US stocks have slid to their lowest levels in four months as investors were hit by the jitters after the government released job figures for May.
The US labour department said in the report released on Friday that jobs created in May fell far short of the 513,000 that Wall Street had expected, and a drop from the 218,000 in April.
The Dow Jones industrial average dropped 323.31 points, or 3.15 per cent, to 9,931.97. The Standard & Poor's 500 Index lost 37.95 points, or 3.44 per cent, to 1,064.88. The Nasdaq Composite Index tumbled 83.86 points, or 3.64 per cent, to 2,219.17.
Investors were also worried about another developing crisis in Europe, this time in Hungary.
"It was extremely disappointing," Robert Froehlich, senior managing director of The Hartford Mutual Funds in Simsbury, Connecticut, told Reuters news agency.
"We know that employment is the lagging indicator, but ... we've been saying that for a year. There comes a time where we're really going to have to see that number pick up."
The US unemployment rate in May dropped to 9.7 per cent, from 9.9 per cent the previous month.
Even so, analysts said it didn't alter their view that the economy is stabilising, although gradually, with many expecting unemployment will remain high for some time.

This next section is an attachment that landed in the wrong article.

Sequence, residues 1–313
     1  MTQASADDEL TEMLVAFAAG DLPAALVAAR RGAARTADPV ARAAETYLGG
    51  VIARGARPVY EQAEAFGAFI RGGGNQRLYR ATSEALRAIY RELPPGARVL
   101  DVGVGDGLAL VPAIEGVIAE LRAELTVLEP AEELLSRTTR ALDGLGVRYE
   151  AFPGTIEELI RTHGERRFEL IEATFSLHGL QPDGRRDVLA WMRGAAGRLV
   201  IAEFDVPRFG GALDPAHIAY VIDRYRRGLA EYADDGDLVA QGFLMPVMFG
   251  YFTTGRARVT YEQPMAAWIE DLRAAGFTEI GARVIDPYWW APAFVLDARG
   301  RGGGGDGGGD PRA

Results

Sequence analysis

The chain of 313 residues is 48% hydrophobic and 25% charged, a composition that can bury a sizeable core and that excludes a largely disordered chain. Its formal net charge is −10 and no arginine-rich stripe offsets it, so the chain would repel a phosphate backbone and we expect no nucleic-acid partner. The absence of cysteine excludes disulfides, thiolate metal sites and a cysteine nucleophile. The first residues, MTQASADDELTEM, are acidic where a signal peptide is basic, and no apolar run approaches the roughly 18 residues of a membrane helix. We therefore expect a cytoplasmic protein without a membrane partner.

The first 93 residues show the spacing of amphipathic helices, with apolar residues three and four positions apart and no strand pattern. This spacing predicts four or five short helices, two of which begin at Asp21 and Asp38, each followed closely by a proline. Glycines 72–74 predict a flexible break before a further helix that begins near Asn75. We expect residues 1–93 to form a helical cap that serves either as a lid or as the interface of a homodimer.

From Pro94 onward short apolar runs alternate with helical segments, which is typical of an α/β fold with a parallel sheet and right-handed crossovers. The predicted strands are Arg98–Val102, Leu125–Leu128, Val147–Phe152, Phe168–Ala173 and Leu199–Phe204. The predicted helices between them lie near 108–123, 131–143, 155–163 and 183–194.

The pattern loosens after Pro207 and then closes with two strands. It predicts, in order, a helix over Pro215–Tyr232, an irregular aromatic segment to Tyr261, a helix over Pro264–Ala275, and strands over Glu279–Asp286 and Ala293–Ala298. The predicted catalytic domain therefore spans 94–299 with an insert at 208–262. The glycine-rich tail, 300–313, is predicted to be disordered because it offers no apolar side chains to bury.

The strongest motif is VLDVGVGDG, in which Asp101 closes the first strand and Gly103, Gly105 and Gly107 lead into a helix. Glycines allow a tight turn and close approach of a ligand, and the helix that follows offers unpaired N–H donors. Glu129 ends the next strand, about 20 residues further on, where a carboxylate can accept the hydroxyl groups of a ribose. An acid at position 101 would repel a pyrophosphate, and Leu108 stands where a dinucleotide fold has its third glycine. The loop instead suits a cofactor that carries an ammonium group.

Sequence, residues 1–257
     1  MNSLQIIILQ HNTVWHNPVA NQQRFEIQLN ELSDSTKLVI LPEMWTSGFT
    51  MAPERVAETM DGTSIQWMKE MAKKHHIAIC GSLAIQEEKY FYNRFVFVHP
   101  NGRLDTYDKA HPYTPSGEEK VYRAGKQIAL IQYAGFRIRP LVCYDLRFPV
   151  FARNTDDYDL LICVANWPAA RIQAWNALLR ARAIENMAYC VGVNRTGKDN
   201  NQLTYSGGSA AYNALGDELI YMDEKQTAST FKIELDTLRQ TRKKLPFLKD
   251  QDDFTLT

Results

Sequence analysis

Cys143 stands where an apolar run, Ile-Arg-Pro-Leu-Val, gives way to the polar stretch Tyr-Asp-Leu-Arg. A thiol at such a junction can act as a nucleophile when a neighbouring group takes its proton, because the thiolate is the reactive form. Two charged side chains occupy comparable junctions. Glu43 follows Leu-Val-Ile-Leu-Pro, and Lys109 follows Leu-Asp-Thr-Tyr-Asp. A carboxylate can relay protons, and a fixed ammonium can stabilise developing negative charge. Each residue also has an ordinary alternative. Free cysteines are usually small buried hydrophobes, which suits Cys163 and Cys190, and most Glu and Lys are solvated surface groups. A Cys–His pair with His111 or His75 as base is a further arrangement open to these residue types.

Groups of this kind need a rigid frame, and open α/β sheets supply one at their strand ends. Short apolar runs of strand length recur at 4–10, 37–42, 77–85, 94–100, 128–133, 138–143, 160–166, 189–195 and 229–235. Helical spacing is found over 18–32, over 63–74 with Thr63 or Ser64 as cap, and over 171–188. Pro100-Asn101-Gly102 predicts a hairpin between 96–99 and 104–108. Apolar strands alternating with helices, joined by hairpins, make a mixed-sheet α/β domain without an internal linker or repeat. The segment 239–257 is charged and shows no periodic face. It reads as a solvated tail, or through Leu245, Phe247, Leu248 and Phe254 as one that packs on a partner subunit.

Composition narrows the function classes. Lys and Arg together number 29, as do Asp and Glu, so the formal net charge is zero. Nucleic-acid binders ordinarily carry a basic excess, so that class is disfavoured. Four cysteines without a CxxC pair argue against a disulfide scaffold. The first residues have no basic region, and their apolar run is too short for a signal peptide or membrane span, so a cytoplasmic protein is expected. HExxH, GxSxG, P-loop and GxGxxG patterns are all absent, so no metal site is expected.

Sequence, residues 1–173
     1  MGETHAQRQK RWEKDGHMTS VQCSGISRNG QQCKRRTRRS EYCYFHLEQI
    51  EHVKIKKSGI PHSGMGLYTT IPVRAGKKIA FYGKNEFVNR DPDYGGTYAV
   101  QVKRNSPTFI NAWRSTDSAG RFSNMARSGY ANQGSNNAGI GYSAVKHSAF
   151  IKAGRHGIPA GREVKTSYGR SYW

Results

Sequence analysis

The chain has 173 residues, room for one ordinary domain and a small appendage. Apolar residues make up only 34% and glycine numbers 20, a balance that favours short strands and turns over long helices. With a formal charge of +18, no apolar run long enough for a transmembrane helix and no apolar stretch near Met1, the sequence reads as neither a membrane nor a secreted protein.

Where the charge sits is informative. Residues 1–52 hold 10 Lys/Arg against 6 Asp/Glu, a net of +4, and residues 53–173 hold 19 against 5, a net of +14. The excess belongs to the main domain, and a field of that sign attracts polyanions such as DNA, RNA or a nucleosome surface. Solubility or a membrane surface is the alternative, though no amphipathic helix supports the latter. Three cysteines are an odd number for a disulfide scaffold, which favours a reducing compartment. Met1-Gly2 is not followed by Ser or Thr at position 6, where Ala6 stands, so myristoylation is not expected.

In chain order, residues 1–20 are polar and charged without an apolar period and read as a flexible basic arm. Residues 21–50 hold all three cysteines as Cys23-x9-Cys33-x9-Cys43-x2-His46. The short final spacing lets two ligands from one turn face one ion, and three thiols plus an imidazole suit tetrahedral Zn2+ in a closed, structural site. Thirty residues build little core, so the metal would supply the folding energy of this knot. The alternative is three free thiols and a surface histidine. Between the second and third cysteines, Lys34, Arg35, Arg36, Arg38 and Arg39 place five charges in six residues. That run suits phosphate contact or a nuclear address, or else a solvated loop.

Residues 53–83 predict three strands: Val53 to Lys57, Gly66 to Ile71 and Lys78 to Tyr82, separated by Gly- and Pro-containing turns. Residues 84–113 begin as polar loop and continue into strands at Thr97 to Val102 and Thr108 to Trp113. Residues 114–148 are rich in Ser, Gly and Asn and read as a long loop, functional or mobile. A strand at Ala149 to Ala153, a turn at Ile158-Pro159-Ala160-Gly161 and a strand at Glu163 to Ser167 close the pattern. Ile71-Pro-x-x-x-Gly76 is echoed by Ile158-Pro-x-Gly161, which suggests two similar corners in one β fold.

"We interpret it that this is confirmation that we are not going to have a V-shaped type recovery, but are in a below-average recovery," Hank Smith, the chief investment officer of Haverford Trust Co. in Philadelphia, told Reuters.
"We think it will morph into a sustainable expansion, albeit below average."
Meanwhile investors were also jittery about Hungary's announcement of a Greek-style debt problem, as worries that Europe's sovereign debt troubles could spread flared again.
The possibility of a Hungarian debt crisis pushed the euro to a four-year low against the dollar on Friday.
The fears were fuelled after a top government aide said he supported the view that Hungary only had a slim chance of avoiding the kind of debt crisis that plunged Greece into financial instability.
"In Hungary the previous government falsified data. In Greece, they also falsified data," Peter Szijjarto, the spokesman for Viktor Orban, the Hungarian prime minister, said.
"In Greece the moment of truth has arrived. Hungary is still before that."
The remarks spooked investors and knocked more than two per cent off its currency, the forint, against the euro.